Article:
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Pew Charitable Trusts;
The transshipment of catch, which allows fresh fish to get to market sooner, is a vital but largely hidden part of the global commercial fishing industry. Transshipment involves hundreds of refrigerated cargo vessels, or carrier vessels, roaming the oceans, taking in catch from thousands of fishing vessels and transporting it to shore for processing. While transshipment touches a wide range of seafood products, most is made up of bigeye, yellowfin, and skipjack tuna. Salmon, mackerel, and crab also account for a substantial portion of transshipped products.
Proceedings of the National Academy of Sciences of the United States of America (PNAS);
The supply of nutrients is a fundamental regulator of ocean productivity and carbon sequestration. Nutrient sources, sinks, residence times, and elemental ratios vary over broad scales, including those resulting from climate-driven changes in upper water column stratification, advection, and the deposition of atmospheric dust. These changes can alter the proximate elemental control of ecosystem productivity with cascading ecological effects and impacts on carbon sequestration. Here, we report multidecadal observations revealing that the ecosystem in the eastern region of the North Pacific Subtropical Gyre (NPSG) oscillates on subdecadal scales between inorganic phosphorus (Pi) sufficiency and limitation, when Pi concentration in surface waters decreases below 50–60 nmol⋅kg−1. In situ observations and model simulations suggest that sea-level pressure changes over the northwest Pacific may induce basin-scale variations in the atmospheric transport and deposition of Asian dust-associated iron (Fe), causing the eastern portion of the NPSG ecosystem to shift between states of Fe and Pi limitation. Our results highlight the critical need to include both atmospheric and ocean circulation variability when modeling the response of open ocean pelagic ecosystems under future climate change scenarios.
The oceans are warming and coral reefs are bleaching with increased frequency and severity, fueling concerns for their survival through this century. Yet in the central equatorial Pacific, some of the world's most productive reefs regularly experience extreme heat associated with El Niño. Here we use skeletal signatures preserved in long-lived corals on Jarvis Island to evaluate the coral community response to multiple successive heatwaves since 1960. By tracking skeletal stress band formation through the 2015-16 El Nino, which killed 95% of Jarvis corals, we validate their utility as proxies of bleaching severity and show that 2015-16 was not the first catastrophic bleaching event on Jarvis. Since 1960, eight severe (>30% bleaching) and two moderate (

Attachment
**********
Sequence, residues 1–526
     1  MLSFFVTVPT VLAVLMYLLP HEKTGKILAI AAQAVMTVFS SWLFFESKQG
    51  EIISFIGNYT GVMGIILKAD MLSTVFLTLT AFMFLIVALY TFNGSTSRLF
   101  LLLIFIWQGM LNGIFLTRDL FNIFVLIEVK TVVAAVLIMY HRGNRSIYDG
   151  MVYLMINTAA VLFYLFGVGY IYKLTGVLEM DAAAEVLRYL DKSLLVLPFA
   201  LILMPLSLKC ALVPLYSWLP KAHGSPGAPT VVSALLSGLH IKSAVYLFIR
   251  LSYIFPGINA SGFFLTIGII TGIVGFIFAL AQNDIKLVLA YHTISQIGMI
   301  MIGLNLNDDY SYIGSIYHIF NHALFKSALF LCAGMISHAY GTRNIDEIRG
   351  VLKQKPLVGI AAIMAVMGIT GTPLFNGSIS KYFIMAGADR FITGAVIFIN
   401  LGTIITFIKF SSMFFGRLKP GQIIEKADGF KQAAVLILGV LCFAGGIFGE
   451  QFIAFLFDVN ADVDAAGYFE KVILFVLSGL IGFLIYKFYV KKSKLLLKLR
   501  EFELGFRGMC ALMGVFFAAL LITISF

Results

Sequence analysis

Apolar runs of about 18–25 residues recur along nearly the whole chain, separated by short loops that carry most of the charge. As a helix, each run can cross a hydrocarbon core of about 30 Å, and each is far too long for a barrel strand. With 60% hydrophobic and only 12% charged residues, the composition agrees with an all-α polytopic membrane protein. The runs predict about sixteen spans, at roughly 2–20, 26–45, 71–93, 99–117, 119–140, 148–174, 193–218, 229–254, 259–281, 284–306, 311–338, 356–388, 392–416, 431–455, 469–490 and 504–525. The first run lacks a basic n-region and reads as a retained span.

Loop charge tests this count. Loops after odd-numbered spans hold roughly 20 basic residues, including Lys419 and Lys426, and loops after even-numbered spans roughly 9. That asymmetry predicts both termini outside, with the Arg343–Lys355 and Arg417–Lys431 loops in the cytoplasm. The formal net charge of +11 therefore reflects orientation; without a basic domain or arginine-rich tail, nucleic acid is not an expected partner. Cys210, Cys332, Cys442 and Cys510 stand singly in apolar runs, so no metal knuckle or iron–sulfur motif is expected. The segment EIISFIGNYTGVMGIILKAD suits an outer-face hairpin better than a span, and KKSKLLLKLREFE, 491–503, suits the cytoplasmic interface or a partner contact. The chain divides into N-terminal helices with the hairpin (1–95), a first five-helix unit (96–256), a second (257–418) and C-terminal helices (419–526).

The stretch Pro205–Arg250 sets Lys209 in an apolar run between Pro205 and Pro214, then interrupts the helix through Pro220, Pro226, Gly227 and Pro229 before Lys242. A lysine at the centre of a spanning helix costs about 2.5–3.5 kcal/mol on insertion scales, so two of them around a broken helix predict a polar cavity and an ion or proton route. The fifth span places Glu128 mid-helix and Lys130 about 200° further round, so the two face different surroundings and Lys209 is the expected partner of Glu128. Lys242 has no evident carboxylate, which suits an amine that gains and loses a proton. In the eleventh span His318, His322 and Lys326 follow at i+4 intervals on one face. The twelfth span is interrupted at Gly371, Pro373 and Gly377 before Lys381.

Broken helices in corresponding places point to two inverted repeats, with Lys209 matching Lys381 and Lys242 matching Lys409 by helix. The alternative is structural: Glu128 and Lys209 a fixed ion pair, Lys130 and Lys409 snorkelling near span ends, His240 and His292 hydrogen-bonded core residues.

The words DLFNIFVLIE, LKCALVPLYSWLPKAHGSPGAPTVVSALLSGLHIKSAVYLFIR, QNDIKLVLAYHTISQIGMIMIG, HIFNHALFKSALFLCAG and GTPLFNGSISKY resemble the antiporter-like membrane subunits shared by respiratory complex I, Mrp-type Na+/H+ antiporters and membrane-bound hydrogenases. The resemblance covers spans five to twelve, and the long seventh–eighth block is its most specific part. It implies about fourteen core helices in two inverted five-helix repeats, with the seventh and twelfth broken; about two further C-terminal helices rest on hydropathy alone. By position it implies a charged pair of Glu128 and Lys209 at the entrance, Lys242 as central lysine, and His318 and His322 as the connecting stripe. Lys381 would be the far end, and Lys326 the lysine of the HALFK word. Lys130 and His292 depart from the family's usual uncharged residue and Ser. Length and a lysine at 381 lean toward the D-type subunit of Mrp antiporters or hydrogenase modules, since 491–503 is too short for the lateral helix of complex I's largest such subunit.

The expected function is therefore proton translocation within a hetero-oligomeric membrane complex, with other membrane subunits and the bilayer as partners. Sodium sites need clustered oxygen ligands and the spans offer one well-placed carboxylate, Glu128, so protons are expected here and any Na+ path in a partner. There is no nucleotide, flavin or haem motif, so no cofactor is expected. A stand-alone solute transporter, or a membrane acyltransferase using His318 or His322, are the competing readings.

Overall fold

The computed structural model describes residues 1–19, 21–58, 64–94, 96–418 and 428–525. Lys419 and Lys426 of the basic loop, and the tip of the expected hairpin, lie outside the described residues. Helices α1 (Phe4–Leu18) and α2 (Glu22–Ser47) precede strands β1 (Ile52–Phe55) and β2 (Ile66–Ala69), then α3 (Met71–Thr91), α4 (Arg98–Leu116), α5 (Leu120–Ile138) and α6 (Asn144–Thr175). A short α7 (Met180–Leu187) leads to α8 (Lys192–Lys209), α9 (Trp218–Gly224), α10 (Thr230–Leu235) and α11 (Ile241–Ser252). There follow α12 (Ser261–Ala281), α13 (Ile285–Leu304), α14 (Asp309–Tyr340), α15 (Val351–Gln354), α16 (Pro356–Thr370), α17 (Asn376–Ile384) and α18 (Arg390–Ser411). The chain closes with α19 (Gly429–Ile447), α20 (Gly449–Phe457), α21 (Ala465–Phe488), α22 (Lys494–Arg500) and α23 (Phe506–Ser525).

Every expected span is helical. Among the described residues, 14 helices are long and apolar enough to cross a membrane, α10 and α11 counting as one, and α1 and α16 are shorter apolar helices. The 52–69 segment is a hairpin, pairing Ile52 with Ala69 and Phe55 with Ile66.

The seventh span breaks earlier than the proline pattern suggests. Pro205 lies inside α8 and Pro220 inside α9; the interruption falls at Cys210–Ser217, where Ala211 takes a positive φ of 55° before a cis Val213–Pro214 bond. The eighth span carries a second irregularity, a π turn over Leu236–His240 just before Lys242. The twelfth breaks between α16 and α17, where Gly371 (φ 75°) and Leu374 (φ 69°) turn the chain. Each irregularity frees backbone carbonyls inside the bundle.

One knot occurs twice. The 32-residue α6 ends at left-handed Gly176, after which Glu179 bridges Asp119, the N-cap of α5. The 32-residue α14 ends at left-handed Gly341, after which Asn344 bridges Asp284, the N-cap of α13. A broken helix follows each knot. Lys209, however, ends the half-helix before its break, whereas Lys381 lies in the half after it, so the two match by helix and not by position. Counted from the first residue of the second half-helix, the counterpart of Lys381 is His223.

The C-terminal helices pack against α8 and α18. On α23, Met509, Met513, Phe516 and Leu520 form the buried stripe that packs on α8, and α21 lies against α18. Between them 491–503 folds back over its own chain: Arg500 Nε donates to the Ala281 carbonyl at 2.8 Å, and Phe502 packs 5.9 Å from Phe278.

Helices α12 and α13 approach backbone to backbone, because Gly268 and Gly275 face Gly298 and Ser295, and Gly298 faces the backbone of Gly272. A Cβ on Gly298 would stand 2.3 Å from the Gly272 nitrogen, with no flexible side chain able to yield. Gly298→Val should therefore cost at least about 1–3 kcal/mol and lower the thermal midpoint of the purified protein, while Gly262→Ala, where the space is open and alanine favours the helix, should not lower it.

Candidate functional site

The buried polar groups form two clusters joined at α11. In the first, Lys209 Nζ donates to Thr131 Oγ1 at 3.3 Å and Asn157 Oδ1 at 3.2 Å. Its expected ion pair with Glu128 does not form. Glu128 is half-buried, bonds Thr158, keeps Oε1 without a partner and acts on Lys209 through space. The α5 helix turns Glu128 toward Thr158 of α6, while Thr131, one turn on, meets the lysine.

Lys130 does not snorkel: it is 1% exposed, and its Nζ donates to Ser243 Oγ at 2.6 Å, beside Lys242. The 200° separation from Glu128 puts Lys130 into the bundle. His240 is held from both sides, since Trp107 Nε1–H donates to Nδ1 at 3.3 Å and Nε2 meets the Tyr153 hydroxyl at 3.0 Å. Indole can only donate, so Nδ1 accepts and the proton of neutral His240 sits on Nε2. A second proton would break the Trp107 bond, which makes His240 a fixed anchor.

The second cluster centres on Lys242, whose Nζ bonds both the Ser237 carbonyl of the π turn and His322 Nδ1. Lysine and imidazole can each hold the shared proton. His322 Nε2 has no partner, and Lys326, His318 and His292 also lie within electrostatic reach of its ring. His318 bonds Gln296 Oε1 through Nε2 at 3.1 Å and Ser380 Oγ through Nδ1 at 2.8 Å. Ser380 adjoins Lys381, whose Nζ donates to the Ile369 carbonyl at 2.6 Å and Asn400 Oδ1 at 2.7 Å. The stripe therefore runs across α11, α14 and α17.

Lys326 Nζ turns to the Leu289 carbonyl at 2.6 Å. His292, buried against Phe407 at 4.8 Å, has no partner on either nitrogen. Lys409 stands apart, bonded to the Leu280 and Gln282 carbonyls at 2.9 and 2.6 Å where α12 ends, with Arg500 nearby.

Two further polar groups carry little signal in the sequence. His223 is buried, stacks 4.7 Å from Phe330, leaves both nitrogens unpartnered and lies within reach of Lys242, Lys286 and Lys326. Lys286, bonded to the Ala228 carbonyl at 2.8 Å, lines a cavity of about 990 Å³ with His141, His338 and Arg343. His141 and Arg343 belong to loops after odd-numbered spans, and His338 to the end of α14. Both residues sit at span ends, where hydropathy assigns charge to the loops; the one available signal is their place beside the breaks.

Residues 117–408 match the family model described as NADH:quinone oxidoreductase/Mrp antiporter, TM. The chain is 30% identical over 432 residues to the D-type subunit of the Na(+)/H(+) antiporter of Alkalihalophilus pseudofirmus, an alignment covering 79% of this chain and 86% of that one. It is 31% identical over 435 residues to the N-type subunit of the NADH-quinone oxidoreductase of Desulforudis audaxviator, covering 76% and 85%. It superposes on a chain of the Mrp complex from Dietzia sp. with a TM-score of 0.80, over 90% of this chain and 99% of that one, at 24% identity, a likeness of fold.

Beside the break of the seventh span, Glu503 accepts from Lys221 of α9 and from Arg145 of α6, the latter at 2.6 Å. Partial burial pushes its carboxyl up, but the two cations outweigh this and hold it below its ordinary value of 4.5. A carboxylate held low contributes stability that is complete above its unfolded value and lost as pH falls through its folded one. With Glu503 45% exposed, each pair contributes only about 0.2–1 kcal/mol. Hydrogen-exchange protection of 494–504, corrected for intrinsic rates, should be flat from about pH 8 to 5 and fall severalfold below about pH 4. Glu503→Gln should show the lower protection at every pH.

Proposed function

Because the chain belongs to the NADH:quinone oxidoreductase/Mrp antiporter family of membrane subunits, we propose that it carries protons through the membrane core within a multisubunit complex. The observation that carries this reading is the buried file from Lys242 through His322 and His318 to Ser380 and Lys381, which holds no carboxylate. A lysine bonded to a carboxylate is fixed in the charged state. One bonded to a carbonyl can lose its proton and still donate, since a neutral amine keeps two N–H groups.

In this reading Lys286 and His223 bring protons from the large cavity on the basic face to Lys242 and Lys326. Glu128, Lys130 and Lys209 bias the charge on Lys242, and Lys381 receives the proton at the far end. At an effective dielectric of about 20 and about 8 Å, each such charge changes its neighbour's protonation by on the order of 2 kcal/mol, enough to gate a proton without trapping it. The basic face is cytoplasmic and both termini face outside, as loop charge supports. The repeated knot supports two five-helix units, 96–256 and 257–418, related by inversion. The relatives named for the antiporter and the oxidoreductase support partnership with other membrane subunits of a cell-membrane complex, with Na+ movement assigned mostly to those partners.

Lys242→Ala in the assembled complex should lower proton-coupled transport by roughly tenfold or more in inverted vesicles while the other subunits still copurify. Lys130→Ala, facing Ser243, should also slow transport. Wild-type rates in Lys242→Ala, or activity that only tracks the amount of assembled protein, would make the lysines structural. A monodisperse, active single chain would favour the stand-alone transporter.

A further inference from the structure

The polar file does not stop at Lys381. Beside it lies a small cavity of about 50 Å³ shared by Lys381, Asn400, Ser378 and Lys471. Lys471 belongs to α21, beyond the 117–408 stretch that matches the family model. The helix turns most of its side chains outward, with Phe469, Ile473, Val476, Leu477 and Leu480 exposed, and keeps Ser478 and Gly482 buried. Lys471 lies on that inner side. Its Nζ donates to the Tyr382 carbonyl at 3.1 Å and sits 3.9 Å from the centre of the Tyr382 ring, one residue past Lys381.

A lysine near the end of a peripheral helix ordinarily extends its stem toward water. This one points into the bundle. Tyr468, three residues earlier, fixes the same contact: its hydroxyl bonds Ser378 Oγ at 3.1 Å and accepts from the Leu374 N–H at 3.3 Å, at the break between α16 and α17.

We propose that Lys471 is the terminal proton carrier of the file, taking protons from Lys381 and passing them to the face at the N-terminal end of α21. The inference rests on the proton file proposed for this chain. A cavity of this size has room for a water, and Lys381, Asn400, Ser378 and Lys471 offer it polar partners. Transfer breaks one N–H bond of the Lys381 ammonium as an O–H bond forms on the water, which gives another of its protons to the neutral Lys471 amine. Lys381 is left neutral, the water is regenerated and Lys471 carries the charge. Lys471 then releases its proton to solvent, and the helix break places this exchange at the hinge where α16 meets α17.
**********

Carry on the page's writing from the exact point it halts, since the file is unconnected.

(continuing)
United Nations Environment Programme (UNEP);
The report card, which is accompanied by 13 detailed supporting reviews, summarises current scientific understanding of climate change impacts on the region's marine environment. The document is intended to help Pacific Islanders and decision-makers to understand and respond to the likely impacts of marine climate change. The accessible report card format highlights what action is already being taken in the region and what further responses are needed. The reviews provide further information on each of the topics.
Ocean plastic can persist in sea surface waters, eventually accumulating in remote areas of the world's oceans. Here we characterise and quantify a major ocean plastic accumulation zone formed in subtropical waters between California and Hawaii: The Great Pacific Garbage Patch (GPGP). Our model, calibrated with data from multi-vessel and aircraft surveys, predicted at least 79 (45–129) thousand tonnes of ocean plastic are floating inside an area of 1.6 million km2; a figure four to sixteen times higher than previously reported. We explain this difference through the use of more robust methods to quantify larger debris. Over three-quarters of the GPGP mass was carried by debris larger than 5 cm and at least 46% was comprised of fishing nets. Microplastics accounted for 8% of the total mass but 94% of the estimated 1.8 (1.1–3.6) trillion pieces floating in the area. Plastic collected during our study has specific characteristics such as small surface-to-volume ratio, indicating that only certain types of debris have the capacity to persist and accumulate at the surface of the GPGP. Finally, our results suggest that ocean plastic pollution within the GPGP is increasing exponentially and at a faster rate than in surrounding waters.